5 Myths About Trauma - Deepstash
5 Myths About Trauma

5 Myths About Trauma

psychologytoday.com

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The Rise Of Trauma, The Word

The Rise Of Trauma, The Word

More people are talking about trauma than ever before. The number of articles and books published about the topic has grown substantially in recent decades. Over 5.500 podcast titles contain the word “trauma,” while the TikTok hashtag #Trauma alone has over 6.2 billion views. Social media engagement (likes, shares, reactions) ranks in the hundreds of thousands for posts mentioning “trauma,” and the term has skyrocketed in popularity as a Google search term.

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5 (Of The Most Pervasive) Myths About Trauma

5 (Of The Most Pervasive) Myths About Trauma

  1. Trauma Is A One-Off And Distinct Horrific Event
  2. Trauma Always Leads To PTSD
  3. Trauma Is Always A Disorder
  4. Trauma Has To Happen To Us Directly
  5. Trauma Changes Our Brain Forever

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Myth 1: Trauma Is A One-Off And Distinct Horrific Event

An isolated event that severely violates a person’s physical and psychological safety can significantly alter that person’s mental (and physical) health. But trauma isn’t always a distinct and horrifying event. Many people’s experiences of trauma are chronic (think growing up in a chaotic living situation or being repeatedly exposed to domestic violence, residing in a community with high crime rates, or experiencing emotional neglect throughout childhood).

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Trauma Might Not Even Be An “Event”

Trauma can also result from social and systemic factors like poverty and racism. Additionally, some research suggests that trauma can be transmitted from parents to offspring through mechanisms that influence DNA expression. Trauma is not, therefore, always a single event that changes you forever. It can manifest in different ways for different people, with vastly different outcomes and effects.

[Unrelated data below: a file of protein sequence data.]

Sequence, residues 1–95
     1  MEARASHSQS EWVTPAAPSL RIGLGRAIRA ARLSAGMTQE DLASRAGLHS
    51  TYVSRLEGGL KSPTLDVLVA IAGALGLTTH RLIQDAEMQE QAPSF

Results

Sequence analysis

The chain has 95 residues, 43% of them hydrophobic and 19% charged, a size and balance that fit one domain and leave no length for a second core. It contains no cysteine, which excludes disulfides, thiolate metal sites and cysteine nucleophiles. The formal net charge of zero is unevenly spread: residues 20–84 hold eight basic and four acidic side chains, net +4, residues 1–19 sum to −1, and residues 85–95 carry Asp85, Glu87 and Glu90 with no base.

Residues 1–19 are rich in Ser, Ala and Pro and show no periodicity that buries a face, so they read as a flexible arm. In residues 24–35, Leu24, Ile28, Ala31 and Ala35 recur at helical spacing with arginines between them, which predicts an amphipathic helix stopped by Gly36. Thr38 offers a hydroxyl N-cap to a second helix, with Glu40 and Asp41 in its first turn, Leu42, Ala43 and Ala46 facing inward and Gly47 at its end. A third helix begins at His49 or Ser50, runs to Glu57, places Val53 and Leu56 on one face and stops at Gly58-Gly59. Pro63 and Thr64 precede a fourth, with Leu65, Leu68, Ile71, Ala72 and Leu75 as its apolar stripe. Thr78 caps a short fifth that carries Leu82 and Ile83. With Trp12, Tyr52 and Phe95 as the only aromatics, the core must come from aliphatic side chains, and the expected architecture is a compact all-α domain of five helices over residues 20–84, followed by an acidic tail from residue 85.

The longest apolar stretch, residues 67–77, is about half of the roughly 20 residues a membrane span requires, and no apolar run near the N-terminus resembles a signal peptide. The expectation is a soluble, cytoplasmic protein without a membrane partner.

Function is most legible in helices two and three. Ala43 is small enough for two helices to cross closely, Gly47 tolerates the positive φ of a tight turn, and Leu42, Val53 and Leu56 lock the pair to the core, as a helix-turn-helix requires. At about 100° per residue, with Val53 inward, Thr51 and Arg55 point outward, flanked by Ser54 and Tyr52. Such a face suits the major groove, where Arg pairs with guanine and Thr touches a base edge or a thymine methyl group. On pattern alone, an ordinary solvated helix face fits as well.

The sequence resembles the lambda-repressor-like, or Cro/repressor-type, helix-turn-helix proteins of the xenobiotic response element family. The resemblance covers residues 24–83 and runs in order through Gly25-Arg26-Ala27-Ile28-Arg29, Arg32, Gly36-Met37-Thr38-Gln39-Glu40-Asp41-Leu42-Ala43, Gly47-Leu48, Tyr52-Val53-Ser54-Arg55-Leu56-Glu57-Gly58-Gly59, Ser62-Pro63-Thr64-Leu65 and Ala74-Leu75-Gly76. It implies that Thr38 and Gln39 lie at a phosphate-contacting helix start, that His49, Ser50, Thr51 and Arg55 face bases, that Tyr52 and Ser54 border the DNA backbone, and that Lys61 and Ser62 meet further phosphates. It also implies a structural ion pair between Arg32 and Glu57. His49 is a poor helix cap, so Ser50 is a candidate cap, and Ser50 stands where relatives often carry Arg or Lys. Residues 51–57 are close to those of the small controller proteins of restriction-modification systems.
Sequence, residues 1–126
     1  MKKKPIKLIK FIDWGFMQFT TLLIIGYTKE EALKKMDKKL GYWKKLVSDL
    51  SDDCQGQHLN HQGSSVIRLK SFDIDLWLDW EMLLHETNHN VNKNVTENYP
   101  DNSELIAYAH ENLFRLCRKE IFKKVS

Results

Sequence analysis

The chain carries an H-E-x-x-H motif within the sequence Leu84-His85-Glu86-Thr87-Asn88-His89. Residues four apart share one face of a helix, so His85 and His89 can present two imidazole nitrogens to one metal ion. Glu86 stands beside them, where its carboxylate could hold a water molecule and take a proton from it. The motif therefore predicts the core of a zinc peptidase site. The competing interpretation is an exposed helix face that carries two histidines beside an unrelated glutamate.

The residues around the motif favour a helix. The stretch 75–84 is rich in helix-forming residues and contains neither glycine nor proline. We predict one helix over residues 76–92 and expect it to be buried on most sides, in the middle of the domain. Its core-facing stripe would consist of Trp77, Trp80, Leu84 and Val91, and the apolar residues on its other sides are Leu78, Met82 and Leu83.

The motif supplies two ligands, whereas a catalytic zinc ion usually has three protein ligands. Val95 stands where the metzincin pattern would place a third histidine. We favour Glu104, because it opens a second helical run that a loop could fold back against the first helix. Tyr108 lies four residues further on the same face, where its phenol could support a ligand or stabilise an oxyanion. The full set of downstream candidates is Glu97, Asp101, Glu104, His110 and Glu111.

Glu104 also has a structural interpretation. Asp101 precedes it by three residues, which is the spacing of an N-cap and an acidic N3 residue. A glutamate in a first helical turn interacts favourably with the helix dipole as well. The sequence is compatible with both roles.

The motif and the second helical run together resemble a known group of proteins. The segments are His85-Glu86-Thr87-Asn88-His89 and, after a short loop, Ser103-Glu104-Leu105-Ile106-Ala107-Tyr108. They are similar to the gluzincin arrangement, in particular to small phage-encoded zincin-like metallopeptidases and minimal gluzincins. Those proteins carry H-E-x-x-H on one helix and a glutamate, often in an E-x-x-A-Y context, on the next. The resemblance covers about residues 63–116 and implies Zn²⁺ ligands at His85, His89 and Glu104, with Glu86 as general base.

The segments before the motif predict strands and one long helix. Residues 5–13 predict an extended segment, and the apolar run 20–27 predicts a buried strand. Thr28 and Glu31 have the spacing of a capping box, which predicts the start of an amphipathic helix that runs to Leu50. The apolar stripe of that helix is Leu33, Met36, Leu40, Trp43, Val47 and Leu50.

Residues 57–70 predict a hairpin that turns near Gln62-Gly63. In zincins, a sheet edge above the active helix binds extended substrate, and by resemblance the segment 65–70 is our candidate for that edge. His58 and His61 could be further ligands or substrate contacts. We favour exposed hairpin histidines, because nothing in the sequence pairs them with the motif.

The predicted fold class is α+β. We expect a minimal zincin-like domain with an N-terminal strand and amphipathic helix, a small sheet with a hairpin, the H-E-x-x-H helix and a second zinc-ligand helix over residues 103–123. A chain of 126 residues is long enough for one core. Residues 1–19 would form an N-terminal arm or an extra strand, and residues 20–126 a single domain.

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Myth 2: Trauma Always Leads To PTSD

Post-traumatic stress disorder (PTSD) is a debilitating outcome of exposure to trauma(s) that entails intrusive and distressing memories of the traumatic event(s), avoidance of things associated with the traumatic event(s), impairments in memory and distorted thoughts or beliefs about one’s self or others (think: “I’m a bad person” or “Everyone’s out to get me”). Persistently depressed or agitated moods, feeling keyed up or on edge, and not being able to sleep or concentrate are other hallmarks of PTSD. So, too, is engaging in reckless or self-harming behavior.

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Some People Who Experience Trauma Develop PTSD. Others Do Not.

Yet only a small proportion of people exposed to traumatic events (including the unexpected death of a loved one, violence, sexual assault, natural disasters, or vehicular accidents) develop PTSD. In fact, it’s estimated that just around 6 to 8% of the population experiences PTSD symptoms during their lives.

While we should never discount PTSD’s severity and risk factors, it’s important to remember that experiencing trauma does not always lead to PTSD.

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Myth 3: Trauma Is Always A Disorder

Experiencing trauma can lead to or exacerbate a range of emotional, behavioral, and physical health issues. Disorders other than PTSD can result from trauma—including acute stress disorder, whose symptoms mirror those of PTSD but typically arise immediately after trauma exposure and last around one month; some personality disorders, eating disorders, anxiety, and depression. But this isn’t always the case.